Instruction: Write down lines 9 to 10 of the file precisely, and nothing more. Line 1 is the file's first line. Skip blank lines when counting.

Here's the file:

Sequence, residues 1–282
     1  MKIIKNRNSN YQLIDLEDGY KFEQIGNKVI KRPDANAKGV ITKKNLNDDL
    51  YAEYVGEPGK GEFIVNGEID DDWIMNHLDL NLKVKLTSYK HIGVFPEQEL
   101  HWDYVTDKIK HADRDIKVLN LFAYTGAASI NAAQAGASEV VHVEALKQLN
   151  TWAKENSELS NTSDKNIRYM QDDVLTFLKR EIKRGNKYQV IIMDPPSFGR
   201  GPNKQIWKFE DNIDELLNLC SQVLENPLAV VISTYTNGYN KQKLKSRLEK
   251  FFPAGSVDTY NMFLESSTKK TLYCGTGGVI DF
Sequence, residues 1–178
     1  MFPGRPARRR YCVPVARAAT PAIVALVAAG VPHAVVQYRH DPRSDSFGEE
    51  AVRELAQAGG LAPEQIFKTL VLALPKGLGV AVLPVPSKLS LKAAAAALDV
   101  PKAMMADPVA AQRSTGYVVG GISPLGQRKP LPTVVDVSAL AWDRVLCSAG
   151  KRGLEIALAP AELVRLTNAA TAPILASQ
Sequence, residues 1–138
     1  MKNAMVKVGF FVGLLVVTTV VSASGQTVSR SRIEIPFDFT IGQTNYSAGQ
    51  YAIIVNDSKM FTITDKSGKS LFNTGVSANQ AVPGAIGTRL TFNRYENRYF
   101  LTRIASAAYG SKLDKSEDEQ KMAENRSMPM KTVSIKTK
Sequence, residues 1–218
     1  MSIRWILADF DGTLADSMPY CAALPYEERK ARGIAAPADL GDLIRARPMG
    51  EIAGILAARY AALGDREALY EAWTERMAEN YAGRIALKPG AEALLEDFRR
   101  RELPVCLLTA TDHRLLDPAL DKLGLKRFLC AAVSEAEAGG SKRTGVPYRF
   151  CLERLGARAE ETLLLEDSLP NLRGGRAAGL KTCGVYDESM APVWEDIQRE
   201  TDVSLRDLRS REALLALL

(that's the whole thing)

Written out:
     1  MFPGRPARRR YCVPVARAAT PAIVALVAAG VPHAVVQYRH DPRSDSFGEE
    51  AVRELAQAGG LAPEQIFKTL VLALPKGLGV AVLPVPSKLS LKAAAAALDV